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The Tokyo skyline of 2017 looks quite different from that of 2001—the year in which the twin towers of Atago Green Hills joined ARK Hills in the portfolio of Mori Building Co., Ltd. and kicked off a string of high-rise projects that have transformed Minato Ward. It was the vision of the late Minoru Mori to change the way we live and work through his concept of the Vertical Garden City. A year before his passing in 2012, Mori handed the torch to then-Vice President Shingo Tsuji. In this exclusive interview, his first with an English-language publication, Tsuji explains the importance of “Mori Buildingism” and outlines the developer’s plans for the next decade.

Tsuji sat down with The ACCJ Journal at Mori Building Co., Ltd. headquarters in Roppongi Hills Mori Tower.

In 2011, you took over as President and CEO from Minoru Mori. What has changed since then and how are you carrying his thoughts and philosophy forward?

Mr. Mori had a very strong vision and philosophy—one in which I believe strongly. Since his death, we have continued to carry his philosophy with us in everything we do. I believe we must make sure that his vision is always with us.

I think it is important to express our philosophy and vision—which I call “Mori Buildingism”—to our employees and to others using simple words so that concept is easily understood.

It is our style, our philosophy, our attitude, and so I have coined this term. I think for something to be called an “-ism,” there needs to be a distinctive difference, and thus my message to my employees is to strive to be different—instinctively different.

Each year on March 8, the date of Mr. Mori’s death, we hold a ceremony called “A Day to Consider the Future of Cities.” We gather all employees and bring in a lecturer who is an expert on cities to think about the future of cities. Keio University Professor Heizo Takenaka and architect Tadao Ando have come to speak, and I speak as well.

Greenery is a key part of Mori Buildingism.

Also, I have a personal column on our intranet website, and I publish articles there to communicate Mori Buildingism to our employees once or twice a month. I also organize a gathering with the younger employees a few times a year and directly exchange ideas face-to-face.

Being a developer, I think it is very important to keep a very bold, long-term perspective, with an eye always toward what is needed, 20 or 50 years from now, for Tokyo to remain competitive among global cities. And this is what Mori Buildingism is all about, which makes us totally different from others.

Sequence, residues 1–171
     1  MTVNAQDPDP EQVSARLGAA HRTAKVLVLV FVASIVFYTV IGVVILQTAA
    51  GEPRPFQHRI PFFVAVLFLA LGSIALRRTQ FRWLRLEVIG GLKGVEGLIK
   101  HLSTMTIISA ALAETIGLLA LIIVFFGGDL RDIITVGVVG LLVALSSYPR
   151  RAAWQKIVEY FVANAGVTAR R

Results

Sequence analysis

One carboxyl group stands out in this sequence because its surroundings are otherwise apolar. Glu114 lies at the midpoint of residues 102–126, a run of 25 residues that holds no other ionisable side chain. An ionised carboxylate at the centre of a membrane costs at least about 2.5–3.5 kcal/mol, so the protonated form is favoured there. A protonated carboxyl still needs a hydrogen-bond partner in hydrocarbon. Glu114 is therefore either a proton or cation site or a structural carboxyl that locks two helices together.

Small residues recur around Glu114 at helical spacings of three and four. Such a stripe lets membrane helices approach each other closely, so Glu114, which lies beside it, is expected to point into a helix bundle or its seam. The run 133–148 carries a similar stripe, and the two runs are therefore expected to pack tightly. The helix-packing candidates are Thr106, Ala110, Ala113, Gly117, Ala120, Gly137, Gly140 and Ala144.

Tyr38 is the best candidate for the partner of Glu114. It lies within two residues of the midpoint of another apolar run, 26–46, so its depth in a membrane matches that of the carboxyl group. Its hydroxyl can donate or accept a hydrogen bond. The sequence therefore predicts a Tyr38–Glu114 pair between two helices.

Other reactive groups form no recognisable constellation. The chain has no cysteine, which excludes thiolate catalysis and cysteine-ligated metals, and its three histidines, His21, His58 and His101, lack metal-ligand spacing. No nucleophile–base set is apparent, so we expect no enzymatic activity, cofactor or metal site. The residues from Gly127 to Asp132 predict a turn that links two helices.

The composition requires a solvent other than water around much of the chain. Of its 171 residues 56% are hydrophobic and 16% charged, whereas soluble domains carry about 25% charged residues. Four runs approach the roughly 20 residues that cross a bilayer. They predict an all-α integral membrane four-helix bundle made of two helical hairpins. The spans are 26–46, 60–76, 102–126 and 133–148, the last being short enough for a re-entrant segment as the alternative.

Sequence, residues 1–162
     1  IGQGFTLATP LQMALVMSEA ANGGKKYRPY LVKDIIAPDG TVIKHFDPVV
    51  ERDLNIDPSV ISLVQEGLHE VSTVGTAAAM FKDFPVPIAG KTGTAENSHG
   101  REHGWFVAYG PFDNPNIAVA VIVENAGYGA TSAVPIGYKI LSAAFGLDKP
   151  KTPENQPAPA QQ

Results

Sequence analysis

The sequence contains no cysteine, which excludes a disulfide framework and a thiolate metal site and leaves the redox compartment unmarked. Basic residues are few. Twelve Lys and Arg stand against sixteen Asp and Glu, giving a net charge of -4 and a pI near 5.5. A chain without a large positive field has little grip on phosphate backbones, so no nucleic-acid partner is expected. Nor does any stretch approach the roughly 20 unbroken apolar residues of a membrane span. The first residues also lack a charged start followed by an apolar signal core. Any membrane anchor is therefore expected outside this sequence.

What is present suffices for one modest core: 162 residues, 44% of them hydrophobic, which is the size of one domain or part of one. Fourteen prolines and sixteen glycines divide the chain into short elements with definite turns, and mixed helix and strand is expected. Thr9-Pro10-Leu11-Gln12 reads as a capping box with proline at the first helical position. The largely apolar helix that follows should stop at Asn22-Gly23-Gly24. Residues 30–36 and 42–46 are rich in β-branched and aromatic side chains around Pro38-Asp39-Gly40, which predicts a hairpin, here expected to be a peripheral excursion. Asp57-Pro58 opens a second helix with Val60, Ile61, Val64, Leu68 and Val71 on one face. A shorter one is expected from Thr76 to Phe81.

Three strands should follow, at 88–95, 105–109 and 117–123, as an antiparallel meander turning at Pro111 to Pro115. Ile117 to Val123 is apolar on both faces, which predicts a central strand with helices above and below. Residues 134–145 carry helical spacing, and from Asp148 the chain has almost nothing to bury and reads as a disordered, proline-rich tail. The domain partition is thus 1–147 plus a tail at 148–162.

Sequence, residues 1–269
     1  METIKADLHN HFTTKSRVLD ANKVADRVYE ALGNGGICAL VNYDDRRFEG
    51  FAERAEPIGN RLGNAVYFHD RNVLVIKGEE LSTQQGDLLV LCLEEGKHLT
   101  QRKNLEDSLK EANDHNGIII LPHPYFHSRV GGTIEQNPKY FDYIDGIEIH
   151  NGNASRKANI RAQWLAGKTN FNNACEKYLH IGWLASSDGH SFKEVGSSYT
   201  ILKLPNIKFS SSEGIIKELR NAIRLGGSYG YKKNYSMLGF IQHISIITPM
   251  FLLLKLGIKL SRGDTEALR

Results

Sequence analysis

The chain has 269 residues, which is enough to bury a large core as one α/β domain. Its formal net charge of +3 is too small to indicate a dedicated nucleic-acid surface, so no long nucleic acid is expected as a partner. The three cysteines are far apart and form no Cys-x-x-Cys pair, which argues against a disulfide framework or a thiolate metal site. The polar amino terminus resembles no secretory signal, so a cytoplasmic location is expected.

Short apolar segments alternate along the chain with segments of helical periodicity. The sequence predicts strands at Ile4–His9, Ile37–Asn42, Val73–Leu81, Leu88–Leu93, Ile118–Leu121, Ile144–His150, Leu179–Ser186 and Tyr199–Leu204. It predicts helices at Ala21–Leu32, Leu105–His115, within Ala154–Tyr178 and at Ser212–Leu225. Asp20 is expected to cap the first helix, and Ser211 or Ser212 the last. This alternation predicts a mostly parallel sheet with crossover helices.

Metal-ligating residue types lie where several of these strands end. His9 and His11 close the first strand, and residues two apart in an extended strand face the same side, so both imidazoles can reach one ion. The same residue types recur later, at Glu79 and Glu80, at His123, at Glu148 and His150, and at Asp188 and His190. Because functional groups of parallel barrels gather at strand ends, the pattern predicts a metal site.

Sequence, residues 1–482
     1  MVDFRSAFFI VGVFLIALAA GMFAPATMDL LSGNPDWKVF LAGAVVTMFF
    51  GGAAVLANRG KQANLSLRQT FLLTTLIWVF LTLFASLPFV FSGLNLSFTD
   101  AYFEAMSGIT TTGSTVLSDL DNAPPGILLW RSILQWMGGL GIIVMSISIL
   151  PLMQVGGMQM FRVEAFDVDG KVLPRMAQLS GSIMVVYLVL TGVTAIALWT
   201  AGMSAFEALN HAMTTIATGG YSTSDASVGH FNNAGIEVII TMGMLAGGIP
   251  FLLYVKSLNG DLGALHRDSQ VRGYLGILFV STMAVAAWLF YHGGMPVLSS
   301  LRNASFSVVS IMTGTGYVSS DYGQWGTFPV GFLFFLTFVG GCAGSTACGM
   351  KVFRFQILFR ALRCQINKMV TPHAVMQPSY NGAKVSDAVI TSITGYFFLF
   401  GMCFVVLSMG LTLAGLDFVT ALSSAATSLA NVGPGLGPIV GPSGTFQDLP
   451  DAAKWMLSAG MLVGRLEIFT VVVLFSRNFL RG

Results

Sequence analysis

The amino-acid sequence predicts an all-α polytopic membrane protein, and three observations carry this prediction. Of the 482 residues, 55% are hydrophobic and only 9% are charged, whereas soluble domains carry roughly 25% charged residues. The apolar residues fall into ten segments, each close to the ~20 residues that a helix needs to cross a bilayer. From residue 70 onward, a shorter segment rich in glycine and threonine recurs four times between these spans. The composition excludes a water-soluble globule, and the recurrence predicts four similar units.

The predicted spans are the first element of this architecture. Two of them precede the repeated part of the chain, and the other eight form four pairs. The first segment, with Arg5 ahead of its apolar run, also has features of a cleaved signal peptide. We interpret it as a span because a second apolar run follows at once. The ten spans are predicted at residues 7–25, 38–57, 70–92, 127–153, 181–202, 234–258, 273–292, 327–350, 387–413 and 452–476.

With that as our base, we then need to think about fluctuations in the financial and office markets, as well as in construction costs. Things change very quickly, so I need to consider how we can adapt to those changes, given the vision.

 

What are the biggest challenges Tokyo must overcome? What is important to survival in the competition among international cities?

We have a think tank called The Mori Memorial Foundation, and every year since 2008 they have conducted research and compiled the Global Power City Index (GPCI), a comprehensive ranking of the world’s major cities. In the 2017 ranking—the latest to be released—London placed first followed by New York, Tokyo, Paris, and Singapore. There are 44 cities in the report. The uniqueness of this ranking is its comprehensive nature, with total points being based on many factors—such as economy, accessibility, or livability. The attractiveness of cities is not about each of the elements but the comprehensive power, and the ranking is based on this total score. What makes the ranking and scores very useful is that we know in which areas we rank low and in which we rank high, and that enables us to build on our strengths and overcome our weaknesses so that we can improve the city’s overall attractiveness.

Tokyo ranks highly for size of the economy. The GDP of Tokyo is very large, and the amount of office space is also very large. In these areas, Tokyo has a sizeable lead on the global competition. Good food and safety are also strong elements for the city.

We do face weak points, though. For example, London has direct flights to about 300 international cities. Tokyo has about 90. And while access from Haneda International Airport takes relatively little time, Narita International Airport is a bit far from the city. This is reflected in the weak score for accessibility. The level of corporate taxes and some of the difficulties international companies face when they’re doing business here are also somewhat weak points for Tokyo.

As you know, Japan is an aging country with a declining population, so to overcome these weaknesses we must welcome people and resources from overseas. This is our challenge.

To attract non-Japanese to Tokyo, there must be spaces that can accommodate how they work and live—and that is something we are creating. You may notice that, in a Mori Building development, there is usually an international-style residential component. And our strategic domain of Minato Ward, unlike other business areas in Tokyo, is home to one quarter of the global companies in Japan, some 20,000 non-Japanese residents, more than half of the embassies, more Michelin-starred restaurants than Paris and New York, and so much greenery. All these elements are especially important for attracting non-Japanese people, and we believe that welcoming new companies and residents is key to making Tokyo competitive globally.